Container ships are getting ever bigger. Social anthropologists show in a new article that such growth is not financially, ecologically or socially sustainable.
Stuck in the Suez canal: After six days of digging the ultra-large containership Ever Given was towed clear by tugboats. Photo: Suez Canal Authority / NTB
Some images simply remain fixed in our minds. Such as the excavator by the side of the container ship stuck across the Suez Canal back in March. The little yellow machine was trying to dig the towering bow free, while two men in hi-vis vests on the bank were simply dwarfed.
How big are modern container ships?
Where the Ever Given got stuck, the Suez Canal is between two and three hundred metres wide. The ship is four hundred metres long, and with a capacity of 20,000 containers, is an ultra-large container ship.
"What happened in the Suez Canal was in many ways a worst case scenario. I didn't think it could ever go so wrong, but on the other hand, these are becoming very large ships and the canal is already at breaking point in terms of space for ships of this type," says Elisabeth Schober.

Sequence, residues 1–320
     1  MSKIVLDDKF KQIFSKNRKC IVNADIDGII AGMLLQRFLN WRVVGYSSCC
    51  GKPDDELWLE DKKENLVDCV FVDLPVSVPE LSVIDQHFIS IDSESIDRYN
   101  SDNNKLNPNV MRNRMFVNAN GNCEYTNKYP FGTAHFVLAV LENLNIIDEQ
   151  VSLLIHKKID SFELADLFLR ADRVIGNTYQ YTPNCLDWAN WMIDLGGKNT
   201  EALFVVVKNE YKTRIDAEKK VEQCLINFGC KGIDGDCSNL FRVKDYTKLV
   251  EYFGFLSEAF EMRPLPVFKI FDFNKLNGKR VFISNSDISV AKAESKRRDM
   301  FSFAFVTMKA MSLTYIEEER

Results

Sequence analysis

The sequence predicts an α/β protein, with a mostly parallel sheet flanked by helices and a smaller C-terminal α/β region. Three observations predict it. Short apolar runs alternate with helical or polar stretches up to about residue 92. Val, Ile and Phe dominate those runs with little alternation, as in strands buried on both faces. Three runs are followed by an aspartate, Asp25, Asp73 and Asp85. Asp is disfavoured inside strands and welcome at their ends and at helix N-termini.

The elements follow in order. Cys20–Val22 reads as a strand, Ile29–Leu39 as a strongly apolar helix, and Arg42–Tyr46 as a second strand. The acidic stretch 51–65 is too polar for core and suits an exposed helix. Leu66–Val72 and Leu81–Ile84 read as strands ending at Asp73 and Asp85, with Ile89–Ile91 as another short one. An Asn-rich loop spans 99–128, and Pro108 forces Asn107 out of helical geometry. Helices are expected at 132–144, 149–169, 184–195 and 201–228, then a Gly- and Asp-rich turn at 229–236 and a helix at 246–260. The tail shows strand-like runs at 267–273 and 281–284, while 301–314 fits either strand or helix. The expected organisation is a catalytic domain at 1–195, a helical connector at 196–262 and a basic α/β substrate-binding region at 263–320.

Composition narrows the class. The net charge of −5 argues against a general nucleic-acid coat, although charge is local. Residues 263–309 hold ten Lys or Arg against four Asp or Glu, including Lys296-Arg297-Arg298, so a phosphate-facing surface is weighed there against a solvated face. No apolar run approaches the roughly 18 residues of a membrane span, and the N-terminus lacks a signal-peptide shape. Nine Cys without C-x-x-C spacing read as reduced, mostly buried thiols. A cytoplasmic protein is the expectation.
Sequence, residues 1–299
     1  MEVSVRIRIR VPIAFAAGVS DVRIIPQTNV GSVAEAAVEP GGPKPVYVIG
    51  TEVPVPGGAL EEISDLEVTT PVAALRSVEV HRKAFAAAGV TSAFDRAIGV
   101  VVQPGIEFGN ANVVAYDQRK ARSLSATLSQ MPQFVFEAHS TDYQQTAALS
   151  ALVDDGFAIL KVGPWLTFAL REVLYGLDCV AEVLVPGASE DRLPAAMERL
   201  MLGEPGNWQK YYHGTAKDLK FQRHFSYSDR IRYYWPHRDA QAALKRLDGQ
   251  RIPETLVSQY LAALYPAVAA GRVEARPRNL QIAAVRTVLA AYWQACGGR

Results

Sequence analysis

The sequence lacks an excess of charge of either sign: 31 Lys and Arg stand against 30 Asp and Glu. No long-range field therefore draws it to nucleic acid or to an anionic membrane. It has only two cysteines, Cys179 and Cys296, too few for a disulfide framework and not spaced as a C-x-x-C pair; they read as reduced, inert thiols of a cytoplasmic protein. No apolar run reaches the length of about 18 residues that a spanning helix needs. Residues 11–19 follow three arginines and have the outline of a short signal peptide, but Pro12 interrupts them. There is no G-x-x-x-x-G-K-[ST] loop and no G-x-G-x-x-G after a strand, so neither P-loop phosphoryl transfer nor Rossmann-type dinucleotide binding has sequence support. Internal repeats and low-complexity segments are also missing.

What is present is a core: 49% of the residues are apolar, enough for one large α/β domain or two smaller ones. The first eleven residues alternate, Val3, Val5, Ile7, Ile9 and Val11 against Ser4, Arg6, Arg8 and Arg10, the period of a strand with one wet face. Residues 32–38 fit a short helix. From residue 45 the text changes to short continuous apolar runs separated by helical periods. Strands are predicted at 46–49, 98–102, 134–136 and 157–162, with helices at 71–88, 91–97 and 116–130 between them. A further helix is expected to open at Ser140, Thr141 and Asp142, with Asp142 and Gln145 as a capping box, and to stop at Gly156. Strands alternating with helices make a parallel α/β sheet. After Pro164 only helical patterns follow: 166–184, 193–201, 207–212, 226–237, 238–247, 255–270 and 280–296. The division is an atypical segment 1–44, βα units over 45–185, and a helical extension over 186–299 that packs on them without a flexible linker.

She is an associate professor at the Department of Social Anthropology (SAI) and heads Ports, an EU-funded research project Ports, involving researcher Hege Høyer Leivestad, PhD candidate Giorgos Poulimenakos, postdocteral fellow Elizabeth Sibilia og postdocteral fellow Vinzenz Bäumer Escobar. IIn addition, Schober collaborates with postdoctoral fellows Camelia Dewan og Johanna Markkula on the project Container Ships, funded by the Research Council of Norway.
Over a nine-year period, Schober has followed developments in the Korean shipbuilding industry.
"Together with other East Asian shipbuilding nations, Korea is leading the way in the development of the ultra-large container ships," she says.
Europe playing a more marginal role
The Ports team are studying how the centre of gravity of the global economy is shifting, from west to east. Europe is increasingly playing a more marginal role in maritime trade.
“The Suez Canal is the quickest sea route between Asia and Europe. A significant proportion of the world's trade passes through the canal. Our project looks at the ports that are the starting point for this trade, and the cities those ports are part of. But we are also interested in the links between the five ports we want to focus on, three in Europe and two in Asia. The Suez Canal is essential in this respect," says Schober.
The megaships are coming
In her research on shipyards, ports and container ships, Schober has recorded how maritime vessels have grown in size. She talks about a trend that started in the mid-00s.